"January will be the month that we stay in," he said, adding that we are "not going to be out of the woods" by the end of the month.

Mr Varadkar also confirmed the Pandemic Unemployment Payment (PUP) should continue at current levels until 31 March.

Also speaking at this afternoon’s press conference, Minister for Education Norma Foley said she was "very conscious" of the need to deliver the traditional Leaving Certificate in June, adding that the education sector has shown "outstanding generosity and goodwill".

She said all data between August and December last year showed that schools are safe environments, but there is a need to reduce movement and contacts in society.

The Taoiseach said we know from last year the "huge difficulty" in developing an alternative to the Leaving Cert, which he said is hugely important for this generation of students in terms of their life chances and future career pathways.

He said the Chief Medical Officer was clear in his letter to the Minister for Health that a full reopening of schools would create "a considerable risk" at a time of very high levels of community transmission.

Mr Martin said the message from Dr Tony Holohan last night was that the growth of Covid-19 is very rapid, but the introduction of these measures will "turn the corner for us" in terms of community transmission.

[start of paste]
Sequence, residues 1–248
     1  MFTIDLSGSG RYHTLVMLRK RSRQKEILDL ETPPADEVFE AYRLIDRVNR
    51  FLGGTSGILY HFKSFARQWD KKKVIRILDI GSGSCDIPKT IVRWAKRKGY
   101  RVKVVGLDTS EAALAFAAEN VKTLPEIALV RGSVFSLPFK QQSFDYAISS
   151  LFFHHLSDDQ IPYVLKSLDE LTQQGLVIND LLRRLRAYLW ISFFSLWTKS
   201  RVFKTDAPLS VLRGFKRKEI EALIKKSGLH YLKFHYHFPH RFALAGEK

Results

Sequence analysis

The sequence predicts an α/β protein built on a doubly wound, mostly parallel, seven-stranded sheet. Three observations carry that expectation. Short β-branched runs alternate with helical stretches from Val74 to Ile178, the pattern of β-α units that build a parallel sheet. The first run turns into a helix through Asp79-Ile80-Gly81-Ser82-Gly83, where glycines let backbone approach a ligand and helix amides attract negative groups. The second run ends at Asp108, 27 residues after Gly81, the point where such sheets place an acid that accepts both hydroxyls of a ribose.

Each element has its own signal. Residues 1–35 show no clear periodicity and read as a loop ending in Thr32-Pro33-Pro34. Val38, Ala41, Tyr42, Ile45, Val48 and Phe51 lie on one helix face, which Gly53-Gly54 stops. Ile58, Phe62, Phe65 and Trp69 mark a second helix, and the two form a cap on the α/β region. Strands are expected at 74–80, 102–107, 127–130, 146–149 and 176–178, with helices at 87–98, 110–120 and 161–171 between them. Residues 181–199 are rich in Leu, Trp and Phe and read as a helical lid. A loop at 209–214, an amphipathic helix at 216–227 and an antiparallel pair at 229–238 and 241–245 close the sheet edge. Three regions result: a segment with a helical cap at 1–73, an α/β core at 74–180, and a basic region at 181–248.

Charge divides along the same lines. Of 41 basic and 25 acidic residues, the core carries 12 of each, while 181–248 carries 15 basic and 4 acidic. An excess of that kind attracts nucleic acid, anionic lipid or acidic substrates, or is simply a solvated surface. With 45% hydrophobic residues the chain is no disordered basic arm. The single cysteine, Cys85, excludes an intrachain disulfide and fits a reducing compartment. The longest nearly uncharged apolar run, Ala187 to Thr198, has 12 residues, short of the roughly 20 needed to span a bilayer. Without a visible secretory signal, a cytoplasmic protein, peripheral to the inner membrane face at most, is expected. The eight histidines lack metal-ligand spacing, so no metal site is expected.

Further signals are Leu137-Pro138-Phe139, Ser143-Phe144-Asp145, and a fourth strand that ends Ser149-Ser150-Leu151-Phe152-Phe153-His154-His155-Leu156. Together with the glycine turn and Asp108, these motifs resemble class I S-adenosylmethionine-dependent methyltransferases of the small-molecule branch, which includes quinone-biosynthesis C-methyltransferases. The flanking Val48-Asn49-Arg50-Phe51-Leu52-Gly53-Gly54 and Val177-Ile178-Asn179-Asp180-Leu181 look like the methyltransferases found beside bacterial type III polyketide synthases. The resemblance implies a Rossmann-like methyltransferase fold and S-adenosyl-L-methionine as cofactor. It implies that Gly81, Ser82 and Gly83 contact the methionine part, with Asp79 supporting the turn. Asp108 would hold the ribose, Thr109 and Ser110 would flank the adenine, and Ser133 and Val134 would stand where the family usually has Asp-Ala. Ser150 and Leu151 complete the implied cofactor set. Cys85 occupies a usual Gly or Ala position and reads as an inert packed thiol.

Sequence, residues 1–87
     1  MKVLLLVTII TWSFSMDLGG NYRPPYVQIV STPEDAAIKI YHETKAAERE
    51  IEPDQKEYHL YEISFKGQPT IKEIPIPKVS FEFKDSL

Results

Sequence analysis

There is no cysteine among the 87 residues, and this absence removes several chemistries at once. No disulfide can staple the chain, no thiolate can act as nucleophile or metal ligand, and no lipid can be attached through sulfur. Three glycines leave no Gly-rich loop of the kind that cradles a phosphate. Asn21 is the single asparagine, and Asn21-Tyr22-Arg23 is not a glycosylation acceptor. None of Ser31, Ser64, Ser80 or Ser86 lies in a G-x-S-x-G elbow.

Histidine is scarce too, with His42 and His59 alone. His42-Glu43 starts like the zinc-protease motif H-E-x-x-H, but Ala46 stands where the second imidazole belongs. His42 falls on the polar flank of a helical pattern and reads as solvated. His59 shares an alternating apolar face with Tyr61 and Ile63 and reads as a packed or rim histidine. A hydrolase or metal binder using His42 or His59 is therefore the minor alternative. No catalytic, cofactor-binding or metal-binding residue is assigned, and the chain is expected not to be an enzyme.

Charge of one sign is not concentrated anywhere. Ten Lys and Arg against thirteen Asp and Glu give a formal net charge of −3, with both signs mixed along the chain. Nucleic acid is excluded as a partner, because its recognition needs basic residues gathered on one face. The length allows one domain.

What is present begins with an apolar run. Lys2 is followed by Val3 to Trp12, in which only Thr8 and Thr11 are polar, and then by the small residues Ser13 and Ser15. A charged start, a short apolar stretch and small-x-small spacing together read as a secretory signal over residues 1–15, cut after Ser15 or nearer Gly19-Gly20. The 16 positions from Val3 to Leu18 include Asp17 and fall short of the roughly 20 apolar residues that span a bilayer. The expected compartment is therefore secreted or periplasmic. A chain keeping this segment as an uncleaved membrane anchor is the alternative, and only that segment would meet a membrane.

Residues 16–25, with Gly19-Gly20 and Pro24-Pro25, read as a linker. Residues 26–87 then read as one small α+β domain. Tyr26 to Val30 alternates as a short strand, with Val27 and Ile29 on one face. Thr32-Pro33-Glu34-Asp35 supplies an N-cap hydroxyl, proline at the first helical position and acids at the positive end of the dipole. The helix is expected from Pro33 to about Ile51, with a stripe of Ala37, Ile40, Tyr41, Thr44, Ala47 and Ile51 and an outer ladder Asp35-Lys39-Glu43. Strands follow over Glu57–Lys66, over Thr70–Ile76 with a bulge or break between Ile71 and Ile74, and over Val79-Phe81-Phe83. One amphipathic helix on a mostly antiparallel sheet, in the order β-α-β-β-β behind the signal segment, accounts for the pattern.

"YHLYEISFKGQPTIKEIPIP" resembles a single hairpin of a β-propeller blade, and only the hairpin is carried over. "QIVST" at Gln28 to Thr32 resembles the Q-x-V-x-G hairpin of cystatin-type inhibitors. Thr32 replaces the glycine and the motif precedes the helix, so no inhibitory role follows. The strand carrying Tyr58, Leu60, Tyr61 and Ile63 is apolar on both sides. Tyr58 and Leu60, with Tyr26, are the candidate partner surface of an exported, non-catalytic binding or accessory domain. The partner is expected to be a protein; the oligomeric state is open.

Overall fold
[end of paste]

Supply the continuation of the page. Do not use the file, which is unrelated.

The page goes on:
Speaking later on RTÉ's Six One News, Mr Martin said the overall objective of the restrictions announced today is to reduce mobility and the movement of people in order to suppress the virus, reduce the pressure on the health service and to reduce illness and mortality.

He said there are two real weapons to deal with the current levels of the disease, individual behaviour, which can work very effectively in stopping the spread of the virus, and the roll out of the vaccines.

The Taoiseach said the Government would consult with all the key players in public health and would assess the situation again on 30 January.

Speaking on the same programme, Sinn Féin President Mary Lou McDonald said the restrictions are "necessary tough medicine" for our society

However, she criticised the Government for not making the adequate preparations on childcare and education.

She said she had seen no evidence to reassure her that it was safe for Leaving Cert students to return next week. 

Ms McDonald said it appeared the decision to allow students to come back for three days a week appeared to have been taken with minimal consultation with stakeholders or clear advice from NPHET.

She said she was very alarmed by the decision.

Meanwhile, gardaí are beginning intensive policing operations to ensure compliance with the measures announced this evening.

There will be an increased number of static checkpoints on national roads, as well as additional garda patrols in scenic areas.

More office-based gardaí will be deployed to frontline duties, while 70 trainee gardaí are being sworn in as full time members, and 60 reservists will also be deployed.

Additional reporting by David Murphy and Paul Cunningham